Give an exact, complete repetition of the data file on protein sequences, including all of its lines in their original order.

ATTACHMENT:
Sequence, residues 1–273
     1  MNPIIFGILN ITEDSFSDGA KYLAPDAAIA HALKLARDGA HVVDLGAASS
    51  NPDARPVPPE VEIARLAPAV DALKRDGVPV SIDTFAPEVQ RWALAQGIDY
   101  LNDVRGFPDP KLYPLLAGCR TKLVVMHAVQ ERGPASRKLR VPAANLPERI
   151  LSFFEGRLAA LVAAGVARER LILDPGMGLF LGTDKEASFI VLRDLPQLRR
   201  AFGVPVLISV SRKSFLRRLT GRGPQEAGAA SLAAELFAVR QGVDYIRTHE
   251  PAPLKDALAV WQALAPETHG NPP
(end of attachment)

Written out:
Sequence, residues 1–273
     1  MNPIIFGILN ITEDSFSDGA KYLAPDAAIA HALKLARDGA HVVDLGAASS
    51  NPDARPVPPE VEIARLAPAV DALKRDGVPV SIDTFAPEVQ RWALAQGIDY
   101  LNDVRGFPDP KLYPLLAGCR TKLVVMHAVQ ERGPASRKLR VPAANLPERI
   151  LSFFEGRLAA LVAAGVARER LILDPGMGLF LGTDKEASFI VLRDLPQLRR
   201  AFGVPVLISV SRKSFLRRLT GRGPQEAGAA SLAAELFAVR QGVDYIRTHE
   251  PAPLKDALAV WQALAPETHG NPP